When Starbucks stores in upstate New York announced plans to unionize last December, labor historian Ileen Devault wasn’t sure if the U.S. was seeing the start of a trend or just a tiny blip in the history of workers’ activism in the country.
Now, as a wave of unionization has taken hold across shops and industries nationwide, Devault, a professor of labor history at Cornell University’s Industrial and Labor Relations School, knows it’s not just a blip. “It feels to me like a change in the air,” she says, and an indication of a meaningful shift in workers’ mindsets, even in the face of corporate antagonism. In 1970, union membership peaked at about 17 million nationally, over 30% of private-sector employees. By 2002, it had dropped by nearly half. Today, however, membership appears to be on the upswing.
The pendulum swings of unionization in the U.S. are part of a bigger picture: the neverending tension between businesses and workers. “Businesses and unions in the United States have pretty literally always had a very contentious relationship,” Devault says. “And it’s a relationship that’s much more contentious than the relationships between companies and unions in other countries. Historians have been trying to figure out for years why it is that it’s so much more problematic in the United States.”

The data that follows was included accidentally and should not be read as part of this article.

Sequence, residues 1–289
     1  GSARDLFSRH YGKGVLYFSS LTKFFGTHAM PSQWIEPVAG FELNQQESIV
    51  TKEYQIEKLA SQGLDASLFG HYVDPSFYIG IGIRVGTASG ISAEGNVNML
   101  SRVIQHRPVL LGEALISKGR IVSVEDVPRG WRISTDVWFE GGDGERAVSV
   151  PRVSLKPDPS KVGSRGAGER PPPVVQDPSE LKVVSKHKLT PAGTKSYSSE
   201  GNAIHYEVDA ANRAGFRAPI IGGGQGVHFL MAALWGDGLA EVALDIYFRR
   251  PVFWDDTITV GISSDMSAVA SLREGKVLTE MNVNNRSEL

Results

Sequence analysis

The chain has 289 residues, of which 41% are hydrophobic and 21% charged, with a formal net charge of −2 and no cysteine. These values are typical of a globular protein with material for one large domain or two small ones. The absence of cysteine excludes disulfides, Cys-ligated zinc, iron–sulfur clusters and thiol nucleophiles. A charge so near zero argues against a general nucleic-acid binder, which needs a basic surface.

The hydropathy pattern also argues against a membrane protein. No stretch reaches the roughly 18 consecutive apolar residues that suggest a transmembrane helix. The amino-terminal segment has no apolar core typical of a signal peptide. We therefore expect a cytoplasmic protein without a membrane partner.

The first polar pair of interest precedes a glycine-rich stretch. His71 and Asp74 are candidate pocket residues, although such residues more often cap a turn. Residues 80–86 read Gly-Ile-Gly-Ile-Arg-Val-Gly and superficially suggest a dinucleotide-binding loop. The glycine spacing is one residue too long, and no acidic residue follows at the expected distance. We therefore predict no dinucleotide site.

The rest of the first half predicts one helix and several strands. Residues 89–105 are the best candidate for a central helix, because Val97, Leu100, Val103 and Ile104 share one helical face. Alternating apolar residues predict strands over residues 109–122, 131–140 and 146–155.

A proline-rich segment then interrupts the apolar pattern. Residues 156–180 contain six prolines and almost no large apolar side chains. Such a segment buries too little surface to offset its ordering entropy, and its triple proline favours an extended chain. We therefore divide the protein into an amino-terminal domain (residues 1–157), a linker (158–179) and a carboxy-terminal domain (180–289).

As large corporations like Amazon sink millions of dollars into anti-union campaigns even as their workers rally successfully to unionize, that relationship looks poised to remain just as thorny. But when it comes to the reason that companies have dug their feet in against unions, the answer isn’t so hard-and-fast.
Why do companies fight unions?
Unions became popular in the U.S. starting in the 1930s, with membership rising from just over 10% of the eligible working population in 1936 to about a third by the mid-1950s, according to 2021 research published in the Quarterly Journal of Economics. That remained the case until the mid-1980s, when they fell out of favor, thanks to a culture in which companies refocused on maximizing shareholder value and minimizing worker benefits, as well as a court-backed emphasis on the value of private property and private profit. “Those years turned out to be basically a blip in what otherwise has been not only a very contentious, but many times a very violent interaction between workers and employers in this country,” Devault says of the mid-20th century.